Course description |
Course documents |
Principles of Programming Languages (2007)
Vrije Universiteit, Dept. of Computer Science, Amsterdam
The course teaches the underlying principles and the anatomy of programming languages by studying 4 very different languages: ML, Java, Prolog and Python.
Prerequisites: a previous course in Data Structures. Programming proficiency in at least one high-level programming languages.
The course is taught in English.
- Instructor: dr. Natalia Silvis-Cividjian (nsilvisATfew.vu.nl)
- Credit points: 4 ECTS (FEW 400166)
- Duration: 13 weeks; starts September, 3, 2007
- Structure: 11 lectures and 2 presentation sessions
- Time and place: Fridays, 11:00-12:45, in C121
- Textbook: Modern Programming
Languages: A Practical Introduction, by Adam Brooks
Webber. Franklin, Beedle & Associates. (2003), available at STORM
- Assesment: A compulsory assignment and a written exam. As assignment the students have to evaluate a less familiar programming language. A written report and an in-class presentation are required.
A passed exam is only valid in combination with a passed assignment. The deadline for the written report is Dec 1, 2007. The presentation is scheduled for Friday 30 Nov 2007.
The exam is scheduled on 19th December 2007 8:45-11:30.
Sep 7: Introduction. History of programming languages
Readings: Weber Ch. 1, 24, Sebesta Ch.2 [opt]
Programming languages diagram [bmp] A nice coloured poster from O'Reilly can be found in bookshops (Computer Collectief Amsterdam for example)
The history of Programming Languages
Lecture 1 slides [pdf]
On Sep 21 no lecture
Sep 14: Syntax and semantics
Readings: Weber Ch. 2, 3
Lecture 2 slides [pdf]
Sep 28: Language systems. Functional programming: ML 1
Readings:Weber Ch. 4, 5
Lecture 3 slides [pdf]
Lecture 4 slides [pdf]
Oct 5: Types. Functional programming: ML 2
Readings:Weber Ch. 6,7
Lecture 5 slides [pdf]
Oct 12: Polymorphism. Functional programming: ML 3
Readings: Weber Ch. 8,9
Oct 19: Scope. Memory management
Readings: Weber Ch. 10, 12, 14
Lecture 6 slides: [pdf]
Nov. 2: Control abstraction. Parameters. Exceptions.
Reading: Weber Ch. 17,18
Lecture 7 slides : [pdf]
Nov. 9: Logic programming: Prolog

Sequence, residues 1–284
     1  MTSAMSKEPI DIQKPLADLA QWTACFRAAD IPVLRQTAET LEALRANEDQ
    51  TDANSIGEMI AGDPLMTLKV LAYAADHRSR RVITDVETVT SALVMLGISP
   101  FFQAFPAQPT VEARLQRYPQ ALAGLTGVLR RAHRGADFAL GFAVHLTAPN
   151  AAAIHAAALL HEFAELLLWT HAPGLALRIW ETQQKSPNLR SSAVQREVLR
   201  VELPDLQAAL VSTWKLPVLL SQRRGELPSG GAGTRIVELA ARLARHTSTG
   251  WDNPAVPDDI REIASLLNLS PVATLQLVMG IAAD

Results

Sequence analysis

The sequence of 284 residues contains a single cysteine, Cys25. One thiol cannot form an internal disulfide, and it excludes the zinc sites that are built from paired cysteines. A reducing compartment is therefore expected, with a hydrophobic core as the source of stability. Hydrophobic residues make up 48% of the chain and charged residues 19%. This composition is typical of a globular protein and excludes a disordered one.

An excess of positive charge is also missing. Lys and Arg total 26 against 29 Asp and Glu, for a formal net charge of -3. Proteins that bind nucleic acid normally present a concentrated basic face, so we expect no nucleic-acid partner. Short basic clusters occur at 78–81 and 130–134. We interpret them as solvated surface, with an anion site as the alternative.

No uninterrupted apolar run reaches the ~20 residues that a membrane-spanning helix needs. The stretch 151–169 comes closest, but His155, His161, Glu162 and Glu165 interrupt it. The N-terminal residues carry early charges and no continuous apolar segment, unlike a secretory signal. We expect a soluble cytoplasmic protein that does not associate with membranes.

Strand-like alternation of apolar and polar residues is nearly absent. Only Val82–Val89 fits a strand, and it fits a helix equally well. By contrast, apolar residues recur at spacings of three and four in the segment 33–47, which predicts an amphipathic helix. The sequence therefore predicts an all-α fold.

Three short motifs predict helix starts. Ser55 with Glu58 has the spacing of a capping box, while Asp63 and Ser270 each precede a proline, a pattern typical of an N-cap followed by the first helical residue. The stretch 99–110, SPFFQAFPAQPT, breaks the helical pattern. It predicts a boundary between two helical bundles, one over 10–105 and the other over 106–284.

Reading: Weber Ch. 19,20
Lecture 8 slides : [pdf]
Some Prolog examples
More Prolog examples
Nov. 16: Object orientation. Scripting languages: Python 1
Readings: Weber Ch. 15,16. Scott Ch.13 [opt]
11:00-11:45 in C121
12:00-13:00 in S345 computer lab
Lecture 9 slides : [pdf]
Nov. 23: Scripting languages: Python 2. Exam guidelines.
Lecture 10 slides : [pdf]
Nov. 30: Student presentations
Dec. 7: Student presentations
Dec 14: Guest lectures. Haskell: Russell O'Connor, Radboud University Nijmegen, Python: Dick Kniep, Lindix BV, C#: Wouter Mooij, Basket Builders
The assignment text can be found here .
Here is the list with the languages currently assigned .
Please mail me your language choice. No more than 3 persons can work on one language. So the first-come-first-served algorithm is applied.
Some links and articles that might help:
- VU machine access
Some compilers are already installed on the FEW Linux machines. More .
If in order to accomplish your assignment you need to install other compilers please mail me.
- For ML, Java and Prolog resources see Adam Weber's book website:
- For Python resources see the Python homepage .
- To run the examples in C++, please read the C/C++ practical guide
- Other languages implementations:
Suplemmentary references (available in the FEW library):
- H. Bal, D. Grune, Programming languages essentials, Addison-Wesley, 1994
- R. Sebesta, Concepts of Programming languages, Pearson Education/Addison Wesley, 2005
- M. Scott, Programming Language pragmatics, Morgan Kaufmann, 2005
- R.G. Clarck, Comparative programming languages, Addison-Wesley, 2001
Different programming languages
- J.D. Ullman, Elements of ML programming, Prentice Hall, 1994
- S. Thompson, Haskell, The craft of functional programming, Addison Wesley (Pearson Education), 1999
- R.K. Dybvig, The Scheme programming language, MIT Press, 2003 (available on-line)
- M. Lutz and D. Ascher, Learning Python, O'Reilly, 2004
- M. Pilgrim, Dive into Python, (free book download)
- D. Thomas, Programming Ruby, The Pragmatic Bookshelf, 2005
- The Plankalkul of Konrad Zuse: A Forerunner of Today's Programming Languages
- An empirical comparison of C, C++, Java, Perl, Phyton, Rexx and Tcl
- Strong vs. Weak typing, an interview with Guido van Rossum
- A conversation with Guido van Rossum about Python
- James Gosling on Java, an interview with James Gosling
- On Understanding Types, Data abstraction, and Polymorphism by L. Cardelli and P. Wagner
- Scripting : Higher Level Programming for the 21st Century, by J.K. Ousterhout
- Growing a language, by Guy Steele
- Performance of Java versus C++
The language design trade-offs list
After each lecture we will update the list of trade-offs in language design and implementation.